Although there are other medical procedures that can be used for fibroids, for some women the best treatment is a hysterectomy. The pros of this surgery are that it provides a definitive treatment and greatly decreases the risk of recurrence. Performing a hysterectomy for fibroids also has a number of cons, including the risks of bleeding, infection, and accidental injury to other parts of the woman’s body. Additionally, women who get a hysterectomy will have limited reproductive options.
A hysterectomy for fibroids is considered to be a definitive therapy for this condition. It should stop problems with excessive vaginal bleeding and pain secondary to the growths. The hysterectomy removes the entire uterus as well as any of the fibroids that protrude from the uterus.
Removing the fibroids and the uterus entirely has a couple of other benefits. No new fibroids should develop after the surgery, so symptoms should not recur in the future. Excising the fibroids also means that they cannot transform into a more invasive type of tumor. Although fibroids are benign growths, they can rarely turn into a leiomyosarcoma, which is a malignant cancer. If a hysterectomy is performed, this cancer should not develop.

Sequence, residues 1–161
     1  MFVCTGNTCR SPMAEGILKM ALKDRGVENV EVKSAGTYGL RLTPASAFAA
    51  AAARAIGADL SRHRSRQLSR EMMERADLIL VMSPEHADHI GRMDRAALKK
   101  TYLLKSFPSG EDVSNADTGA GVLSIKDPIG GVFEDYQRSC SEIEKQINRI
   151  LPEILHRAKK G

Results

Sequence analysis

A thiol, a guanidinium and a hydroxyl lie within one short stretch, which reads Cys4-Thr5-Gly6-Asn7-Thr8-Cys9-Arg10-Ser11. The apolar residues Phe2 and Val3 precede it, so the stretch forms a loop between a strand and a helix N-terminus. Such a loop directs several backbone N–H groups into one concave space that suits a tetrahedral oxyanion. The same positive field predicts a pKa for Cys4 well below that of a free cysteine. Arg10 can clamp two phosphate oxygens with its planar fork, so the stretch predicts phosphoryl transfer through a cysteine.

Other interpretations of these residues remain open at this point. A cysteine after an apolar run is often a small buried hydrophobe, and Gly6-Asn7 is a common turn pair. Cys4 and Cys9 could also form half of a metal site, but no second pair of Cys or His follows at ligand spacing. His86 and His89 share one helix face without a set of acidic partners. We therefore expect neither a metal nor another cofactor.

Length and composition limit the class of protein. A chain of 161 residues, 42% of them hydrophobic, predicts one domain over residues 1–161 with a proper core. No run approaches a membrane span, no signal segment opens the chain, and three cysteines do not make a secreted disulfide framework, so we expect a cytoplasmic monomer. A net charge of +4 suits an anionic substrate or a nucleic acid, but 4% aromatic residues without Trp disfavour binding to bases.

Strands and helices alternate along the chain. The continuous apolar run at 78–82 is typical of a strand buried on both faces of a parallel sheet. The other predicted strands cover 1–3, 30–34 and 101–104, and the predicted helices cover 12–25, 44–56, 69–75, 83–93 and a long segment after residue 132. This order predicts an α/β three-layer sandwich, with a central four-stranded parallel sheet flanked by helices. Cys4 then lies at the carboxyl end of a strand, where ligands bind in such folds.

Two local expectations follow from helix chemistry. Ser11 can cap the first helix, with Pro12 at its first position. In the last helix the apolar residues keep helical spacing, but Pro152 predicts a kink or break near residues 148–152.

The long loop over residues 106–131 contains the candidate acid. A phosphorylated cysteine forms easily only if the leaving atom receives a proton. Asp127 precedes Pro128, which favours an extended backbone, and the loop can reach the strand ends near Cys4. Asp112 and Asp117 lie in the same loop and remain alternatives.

One major con of performing a hysterectomy for fibroids is that it diminishes a woman’s reproductive capabilities. Without a uterus, a woman cannot carry a pregnancy. If her ovaries are left in her body, the eggs could be harvested, fertilized, and implanted in another woman who can serve as a surrogate mother for the pregnancy. This option is expensive, and as a result many women who get a hysterectomy might not be able to have more biological children.
The risks associated with the surgery are also a con for performing a hysterectomy for fibroids. The surgery requires women to be put under general anesthesia, which has a small chance for complications such as lung infection, heart attack and death. All surgeries also carry the risks of bleeding, infection and blood clots.
Other possible hysterectomy complications are specific to the procedure. One major risk is damage to the ureters, which are the tubes carrying urine from the kidneys to the bladder. Damage to these structures could result in kidney dysfunction. Lower urinary tract injury, including damage to the bladder and urethra, could result in urinary incontinence. Injury to the bowel during the course of the surgery could result in adhesions, which can cause intestinal obstruction after the surgery.
Hysterectomies can be performed by a number of different methods, and each type of surgery has some unique characteristics in terms of complications and risks. The most invasive type of hysterectomy is the abdominal hysterectomy, in which the surgeon makes a large cut in the abdomen in order to remove the uterus. Other approaches include laparoscopic and vaginal hysterectomies, which are less invasive techniques. The surgeon might choose a certain type of procedure based on the size of the fibroids and on the other clinical features unique to the patient.